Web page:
Last Thursday, the head of the Foreign Intelligence Service (SVR) of Russia Sergei Naryshkin came to the Belarusian capital with a personal visit to President Lukashenko. Since the head of state usually negotiates at a different level, this event has attracted the closest attention. What could Sergei Evgenievich and Alexander Grigorievich discuss among themselves?
It is worth noting that President Lukashenko himself expressed himself rather ambiguously on this matter:
Yes, we do not hide the fact that the situation around us is not easy, I mean the Union State.
Indeed, this “difficult situation” has an internal and an external component, which the head of the RF Foreign Intelligence Service should have discussed with the Belarusian leader. "External" is just in his part.
Let us remind you that in a few days the so-called "ultimatum of Tikhanovskaya" expires, which threatened to paralyze normal life in Belarus if Alexander Lukashenko does not resign. In particular, she called for a strike by railroad workers. Objectively, Svetlana Georgievna, being abroad, does not have the appropriate financial and organizational resources to organize something similar. It is unlikely that the Belarusian law enforcement agencies will calmly stand and watch how some people in their country block the railway tracks. But perhaps this is exactly the idea.
At the end of September, it was Sergei Naryshkin who warned that a large-scale provocation was being prepared in Belarus with the active assistance of the American special services:
In working with the Belarusian opposition, the Americans are shifting their focus to increasing the activity of its power wing from among the radical nationalists. The State Department has launched work to involve extremist elements in the protests.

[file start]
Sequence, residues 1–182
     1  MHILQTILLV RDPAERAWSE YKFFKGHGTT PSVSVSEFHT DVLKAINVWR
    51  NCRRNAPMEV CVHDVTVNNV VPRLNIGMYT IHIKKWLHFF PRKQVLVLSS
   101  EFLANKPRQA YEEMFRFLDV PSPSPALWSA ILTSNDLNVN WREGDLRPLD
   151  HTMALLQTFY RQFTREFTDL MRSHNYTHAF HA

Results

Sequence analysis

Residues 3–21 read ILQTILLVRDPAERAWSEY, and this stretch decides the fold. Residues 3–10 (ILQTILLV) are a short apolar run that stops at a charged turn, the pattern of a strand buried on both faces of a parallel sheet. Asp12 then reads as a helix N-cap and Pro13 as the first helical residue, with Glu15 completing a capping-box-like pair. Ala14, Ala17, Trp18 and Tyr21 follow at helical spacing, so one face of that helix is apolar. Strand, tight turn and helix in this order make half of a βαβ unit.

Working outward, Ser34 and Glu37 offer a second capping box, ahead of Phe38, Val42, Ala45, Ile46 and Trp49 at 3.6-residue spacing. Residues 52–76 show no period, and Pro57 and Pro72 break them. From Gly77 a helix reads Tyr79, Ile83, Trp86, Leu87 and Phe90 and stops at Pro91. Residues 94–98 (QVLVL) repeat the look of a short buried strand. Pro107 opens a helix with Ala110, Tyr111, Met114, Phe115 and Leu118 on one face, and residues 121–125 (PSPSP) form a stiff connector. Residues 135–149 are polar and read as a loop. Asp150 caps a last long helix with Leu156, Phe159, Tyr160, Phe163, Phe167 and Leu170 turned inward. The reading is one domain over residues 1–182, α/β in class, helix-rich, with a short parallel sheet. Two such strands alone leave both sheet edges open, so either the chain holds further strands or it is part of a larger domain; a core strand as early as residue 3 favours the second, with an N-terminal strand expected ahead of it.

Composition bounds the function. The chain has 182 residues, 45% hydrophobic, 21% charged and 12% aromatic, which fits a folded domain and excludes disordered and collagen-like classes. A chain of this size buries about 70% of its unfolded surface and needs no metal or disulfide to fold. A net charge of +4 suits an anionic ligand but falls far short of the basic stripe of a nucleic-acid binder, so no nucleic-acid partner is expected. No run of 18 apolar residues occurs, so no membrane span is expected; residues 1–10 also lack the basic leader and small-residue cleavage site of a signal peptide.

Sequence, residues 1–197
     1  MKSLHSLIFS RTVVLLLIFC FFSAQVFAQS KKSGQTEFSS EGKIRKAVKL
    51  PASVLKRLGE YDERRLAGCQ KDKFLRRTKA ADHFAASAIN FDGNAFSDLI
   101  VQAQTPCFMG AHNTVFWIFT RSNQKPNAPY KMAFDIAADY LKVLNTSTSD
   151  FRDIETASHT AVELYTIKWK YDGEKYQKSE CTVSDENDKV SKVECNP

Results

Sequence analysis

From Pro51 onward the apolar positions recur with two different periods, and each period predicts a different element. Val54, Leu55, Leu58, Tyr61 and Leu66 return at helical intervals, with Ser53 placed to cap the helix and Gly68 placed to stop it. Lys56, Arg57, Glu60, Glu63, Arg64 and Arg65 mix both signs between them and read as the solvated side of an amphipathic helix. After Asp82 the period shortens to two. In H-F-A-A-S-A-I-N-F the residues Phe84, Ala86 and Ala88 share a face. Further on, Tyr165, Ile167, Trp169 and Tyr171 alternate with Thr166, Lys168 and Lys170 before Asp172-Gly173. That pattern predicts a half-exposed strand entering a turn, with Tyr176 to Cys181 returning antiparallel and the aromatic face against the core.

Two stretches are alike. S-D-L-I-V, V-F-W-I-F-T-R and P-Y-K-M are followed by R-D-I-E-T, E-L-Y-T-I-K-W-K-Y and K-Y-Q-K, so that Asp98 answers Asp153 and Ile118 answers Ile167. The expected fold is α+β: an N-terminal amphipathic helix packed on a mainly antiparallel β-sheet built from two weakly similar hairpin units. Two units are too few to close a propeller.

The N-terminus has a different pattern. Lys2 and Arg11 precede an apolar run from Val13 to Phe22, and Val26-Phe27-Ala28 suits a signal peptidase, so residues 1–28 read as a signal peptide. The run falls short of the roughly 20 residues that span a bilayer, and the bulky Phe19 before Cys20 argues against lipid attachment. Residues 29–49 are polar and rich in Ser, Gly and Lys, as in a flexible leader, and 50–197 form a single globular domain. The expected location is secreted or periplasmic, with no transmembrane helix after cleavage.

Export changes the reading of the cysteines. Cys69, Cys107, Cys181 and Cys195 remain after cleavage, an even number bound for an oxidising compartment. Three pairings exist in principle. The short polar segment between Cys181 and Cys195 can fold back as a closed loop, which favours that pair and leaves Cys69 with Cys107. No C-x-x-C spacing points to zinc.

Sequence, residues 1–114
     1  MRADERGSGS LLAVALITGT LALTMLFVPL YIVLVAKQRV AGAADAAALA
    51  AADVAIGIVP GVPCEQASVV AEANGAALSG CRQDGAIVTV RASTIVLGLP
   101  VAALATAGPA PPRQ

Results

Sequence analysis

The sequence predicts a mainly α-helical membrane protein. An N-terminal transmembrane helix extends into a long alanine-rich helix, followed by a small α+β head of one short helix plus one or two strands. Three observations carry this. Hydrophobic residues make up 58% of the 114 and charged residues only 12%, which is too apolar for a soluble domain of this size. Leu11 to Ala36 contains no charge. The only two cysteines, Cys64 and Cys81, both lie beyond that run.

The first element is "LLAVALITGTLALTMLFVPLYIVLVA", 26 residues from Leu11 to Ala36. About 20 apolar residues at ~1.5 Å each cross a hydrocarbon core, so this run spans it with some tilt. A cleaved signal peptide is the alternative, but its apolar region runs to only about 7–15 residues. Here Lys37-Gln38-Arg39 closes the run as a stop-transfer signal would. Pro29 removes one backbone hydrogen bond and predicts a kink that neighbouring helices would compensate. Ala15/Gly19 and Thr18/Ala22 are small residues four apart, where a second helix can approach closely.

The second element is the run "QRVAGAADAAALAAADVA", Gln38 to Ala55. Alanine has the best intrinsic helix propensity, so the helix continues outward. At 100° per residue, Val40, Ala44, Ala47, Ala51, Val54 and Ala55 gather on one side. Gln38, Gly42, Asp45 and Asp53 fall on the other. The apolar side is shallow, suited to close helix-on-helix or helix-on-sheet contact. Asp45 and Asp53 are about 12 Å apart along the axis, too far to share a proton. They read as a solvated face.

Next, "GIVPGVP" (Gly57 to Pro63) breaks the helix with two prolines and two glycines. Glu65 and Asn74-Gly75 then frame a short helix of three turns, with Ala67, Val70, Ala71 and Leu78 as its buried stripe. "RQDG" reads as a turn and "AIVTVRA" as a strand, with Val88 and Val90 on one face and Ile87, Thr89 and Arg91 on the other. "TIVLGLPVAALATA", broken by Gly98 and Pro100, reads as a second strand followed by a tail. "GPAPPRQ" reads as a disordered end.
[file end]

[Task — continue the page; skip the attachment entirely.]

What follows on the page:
Then, as a resonant reason, Russian intelligence called the possible murder of a priest of the Belarusian Catholic Church in order to involve religious communities in participation in mass protests. It is not excluded that something similar is planned in Belarus again, which will be carried out as part of a provocative attempt to block the normal activities of the state and its infrastructure. Perhaps this will be done with the connivance or even assistance of some officials interested in a change of power in Belarus. In this context, the visit of the SVR head to Minsk for personal communication with President Lukashenko makes sense.
However, the "difficult situation" around the Union State has its own internal component. Lukashenka’s victory in the presidential elections with a fantastic result caused great mistrust both in Belarus and in the West. If you call a spade a spade, then Alexander Grigorievich stayed in power only on the bayonets of the security forces and with direct support from the Kremlin, which expressed its readiness to send him help. It will not be surprising if Moscow is now expecting real progress from Minsk in the stalled integration within the Union State.
However, this is not happening yet. The topic of constitutional reform, which is vital for the peaceful transit of presidential power and ensuring political stability in Belarus, is now openly chatting and clouding. It is understandable that Alexander Lukashenko's desire to put the case on the brakes is understandable, but hardly anyone will agree to this now. The train left. It is quite possible that the head of the SVR arrived in Minsk, among other things, to delicately remind about this.